It's hot. Too darn hot. A cold beer from Vinohradský pivovar goes down my throat and provides me with a long awaited chill. I'm writing this sitting in a small, local but, kind of hipster, place called Žižkavárna located in Žižkov district. I'm writing and thinking..
Prague is a complicated subject for a photographer. There are so many people visiting and so many photographs taken every second that it’s hard not to take a cliché shot. On the other hand, the multitude of people is also a chance to get lost and busy in the streets with your camera.
In the past few last months I’m discovering the art of street photography and finding my own style in this genre. My focus is on the streets, yet, while in Prague, I could not miss the classics. When revisiting a place I have an urge to take this perfect photograph which I was not able to take last time or was not pleased with the effect I got. It was no different this time. Below you will find short, separate stories from my brief stay.
When you are in for the classics - you're in the centre. The city centre is connected with a constant influx of people that does not ease. Well, maybe a little bit, in the months of October - March. There is rarely a chance to find a quiet spot. You are bumped into, stepped on and, accidentally, photographed. When you’re shooting street - you are never sure who is going to be in the picture. A local? A tourist? I reckon that 8 out of 10 times it’s a tourist. To my mind, no local would have the patience to use these paths packed full. The statistics tend to agree - 7.07 million people visited Prague in 2016 of which 6.05 million were from abroad as Czech Statistical Office (ČSÚ) mentioned.
It's not different on the Charles Bridge (cz. Karlův most) where all strolls seem to begin or end. It's construction started in 1357 and finished in the beginning of the 15th century. It was the successor of the Judith Bridge which was damaged in 1342 by floods. There is also a good viewing point that, fortunately, is so often missed by tourists - The Old Town bridge tower that was constructed in the 13th century. There is very little space atop but the views often are rewarding.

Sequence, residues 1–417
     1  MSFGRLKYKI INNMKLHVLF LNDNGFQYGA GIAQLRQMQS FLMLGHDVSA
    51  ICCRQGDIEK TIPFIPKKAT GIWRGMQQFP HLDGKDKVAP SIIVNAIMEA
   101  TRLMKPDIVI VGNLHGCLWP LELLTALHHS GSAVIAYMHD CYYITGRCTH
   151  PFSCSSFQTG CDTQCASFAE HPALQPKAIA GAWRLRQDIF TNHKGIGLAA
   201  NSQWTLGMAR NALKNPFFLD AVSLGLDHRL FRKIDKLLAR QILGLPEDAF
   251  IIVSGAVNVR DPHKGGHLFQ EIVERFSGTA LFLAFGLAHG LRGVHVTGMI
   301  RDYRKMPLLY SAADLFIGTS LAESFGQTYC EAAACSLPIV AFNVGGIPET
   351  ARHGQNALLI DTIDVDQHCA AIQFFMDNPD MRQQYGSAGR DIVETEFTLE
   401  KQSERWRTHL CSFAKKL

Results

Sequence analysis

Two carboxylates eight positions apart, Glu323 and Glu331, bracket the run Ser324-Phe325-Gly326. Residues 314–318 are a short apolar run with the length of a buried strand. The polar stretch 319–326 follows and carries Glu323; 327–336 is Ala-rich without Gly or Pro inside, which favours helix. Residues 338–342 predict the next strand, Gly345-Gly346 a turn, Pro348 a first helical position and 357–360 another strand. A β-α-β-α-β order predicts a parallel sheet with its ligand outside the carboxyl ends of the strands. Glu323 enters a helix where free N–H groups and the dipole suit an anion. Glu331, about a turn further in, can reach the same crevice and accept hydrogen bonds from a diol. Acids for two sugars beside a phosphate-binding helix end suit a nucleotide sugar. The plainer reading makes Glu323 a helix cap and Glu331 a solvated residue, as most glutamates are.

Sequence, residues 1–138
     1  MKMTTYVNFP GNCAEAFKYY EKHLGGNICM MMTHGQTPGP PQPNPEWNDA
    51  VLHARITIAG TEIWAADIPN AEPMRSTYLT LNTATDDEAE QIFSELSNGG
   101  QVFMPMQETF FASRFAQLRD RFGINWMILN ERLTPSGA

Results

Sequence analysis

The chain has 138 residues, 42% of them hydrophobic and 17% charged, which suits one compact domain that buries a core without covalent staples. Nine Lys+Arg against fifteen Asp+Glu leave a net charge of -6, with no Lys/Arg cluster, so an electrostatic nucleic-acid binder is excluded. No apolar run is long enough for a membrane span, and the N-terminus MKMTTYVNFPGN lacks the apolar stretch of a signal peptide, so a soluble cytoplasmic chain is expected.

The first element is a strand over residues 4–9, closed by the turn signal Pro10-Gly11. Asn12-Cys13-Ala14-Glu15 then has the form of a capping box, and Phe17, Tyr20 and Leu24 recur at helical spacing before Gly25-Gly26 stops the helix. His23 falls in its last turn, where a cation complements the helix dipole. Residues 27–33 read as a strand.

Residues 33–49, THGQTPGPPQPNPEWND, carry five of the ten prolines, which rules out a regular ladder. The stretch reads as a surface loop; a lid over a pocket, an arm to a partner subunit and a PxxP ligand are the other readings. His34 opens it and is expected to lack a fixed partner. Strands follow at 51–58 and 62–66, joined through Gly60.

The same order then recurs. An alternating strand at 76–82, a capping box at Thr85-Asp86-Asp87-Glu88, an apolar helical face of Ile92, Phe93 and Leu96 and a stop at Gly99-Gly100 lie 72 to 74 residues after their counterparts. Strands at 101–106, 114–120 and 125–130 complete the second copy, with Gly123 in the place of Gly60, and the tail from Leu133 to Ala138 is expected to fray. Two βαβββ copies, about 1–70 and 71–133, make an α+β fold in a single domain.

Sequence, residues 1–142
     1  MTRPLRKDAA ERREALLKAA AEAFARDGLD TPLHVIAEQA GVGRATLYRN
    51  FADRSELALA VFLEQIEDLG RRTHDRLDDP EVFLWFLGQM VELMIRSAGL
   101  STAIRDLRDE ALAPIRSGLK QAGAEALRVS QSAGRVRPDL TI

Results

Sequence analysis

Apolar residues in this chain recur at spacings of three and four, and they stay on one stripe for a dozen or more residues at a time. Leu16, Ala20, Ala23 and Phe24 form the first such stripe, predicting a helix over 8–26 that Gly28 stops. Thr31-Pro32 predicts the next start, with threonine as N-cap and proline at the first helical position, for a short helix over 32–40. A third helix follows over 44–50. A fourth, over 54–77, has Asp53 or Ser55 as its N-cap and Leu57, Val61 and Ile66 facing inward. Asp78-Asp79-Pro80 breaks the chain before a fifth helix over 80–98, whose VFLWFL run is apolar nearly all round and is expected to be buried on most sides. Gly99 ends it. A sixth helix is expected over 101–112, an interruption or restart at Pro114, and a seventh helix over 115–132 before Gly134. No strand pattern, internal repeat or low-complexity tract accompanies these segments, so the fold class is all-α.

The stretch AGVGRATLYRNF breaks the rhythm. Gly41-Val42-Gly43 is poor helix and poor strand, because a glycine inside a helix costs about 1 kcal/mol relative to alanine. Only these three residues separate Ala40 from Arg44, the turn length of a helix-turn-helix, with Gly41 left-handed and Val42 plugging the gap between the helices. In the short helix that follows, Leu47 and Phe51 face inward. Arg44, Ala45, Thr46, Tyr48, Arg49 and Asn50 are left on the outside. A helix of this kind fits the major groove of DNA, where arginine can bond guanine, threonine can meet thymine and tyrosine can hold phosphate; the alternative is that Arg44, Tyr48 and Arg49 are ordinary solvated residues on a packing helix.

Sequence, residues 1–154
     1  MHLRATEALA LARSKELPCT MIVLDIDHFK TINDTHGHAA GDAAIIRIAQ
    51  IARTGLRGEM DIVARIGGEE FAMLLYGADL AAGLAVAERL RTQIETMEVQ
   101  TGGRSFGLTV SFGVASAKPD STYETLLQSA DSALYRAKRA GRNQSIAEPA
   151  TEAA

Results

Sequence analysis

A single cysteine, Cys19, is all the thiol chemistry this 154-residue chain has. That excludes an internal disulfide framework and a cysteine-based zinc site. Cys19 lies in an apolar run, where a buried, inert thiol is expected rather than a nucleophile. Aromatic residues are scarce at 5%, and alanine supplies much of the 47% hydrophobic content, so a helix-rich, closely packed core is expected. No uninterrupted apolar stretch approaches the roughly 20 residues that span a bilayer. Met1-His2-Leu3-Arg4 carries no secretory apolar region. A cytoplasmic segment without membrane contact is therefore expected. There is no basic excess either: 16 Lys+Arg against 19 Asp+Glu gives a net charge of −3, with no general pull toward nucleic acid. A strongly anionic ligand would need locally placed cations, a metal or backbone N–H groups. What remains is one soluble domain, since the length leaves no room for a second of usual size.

It's sundown and there is no space left in the Old Tower bridge. People do not move, leaning against the metal dome of the tower and waiting for the light spectacle to end. Others try to, somehow, go round the tower to catch different perspectives. While looking from above on the bridge I think to myself that the only way to take a comfortable stroll through it needs to get up before the sunrise (in the summer period). Only then it is possible to walk freely without the hustle and bustle of people stopping all the time to take photographs or buy knick-knacks.
A pleasant view that can also be seen is the multitude of small boats and pedalos with lanterns attached at their end so these water vehicles can see one another. There is an abundance of them moving rather slowly, taking their time. That is another way of looking at the city fortunately being more popular. Fortunately because some time ago the waterways seemed unoccupied and, somehow, made redundant. There is an adverse trend nowadays to use them once again for moving people. Perhaps it's due to the other means of transportation to being fully accommodated or we are rediscovering the old ways of moving.
The sun went down and I was tired with the crowded spaces around me. I decided to move to a more secluded spot.
Wallenstein Palace is a palace in Malá Strana (en. Lesser Town) district with adjacent garden that, currently, is the home of the Czech Senate. Surprisingly, it was built to rival Prague Castle. It is quite extraordinary and, in a way, secluded from the main tourist routes. One of it's features is a well-kept garden (cz. Valdštejnská zahrada) that includes a fountain, an artificial cave with stalactites and a wired aviary designed for keeping exotic birds. In summer the garden is the venue for concerts and theatrical performances.
When there are no events in the garden it is rarely full and is a perfect place to unwind. It's well isolated from the outside by it's high and thick wall.
There is a place in Prague that has undergone an 180 degrees change in the last 50 years. Once a memorial place surrounded by unwanted pathos - today it's a party site for the young. Some of the best views of the city are located outside the old town. You can go to Žižkov Television Tower, Petřín Lookout Tower or National Memorial on Vítkov but the most impressive one is located in Letná Park. That is where a huge metronome is located and the party begins. The metronome was erected in 1991 in the same place where an enormous monument to former Soviet leader Joseph Stalin in was constructed in 1962. The monument of Stalin and his followers was the largest group statue in Europe. The sculptor of the giant statue killed himself the day before the unveiling of his work.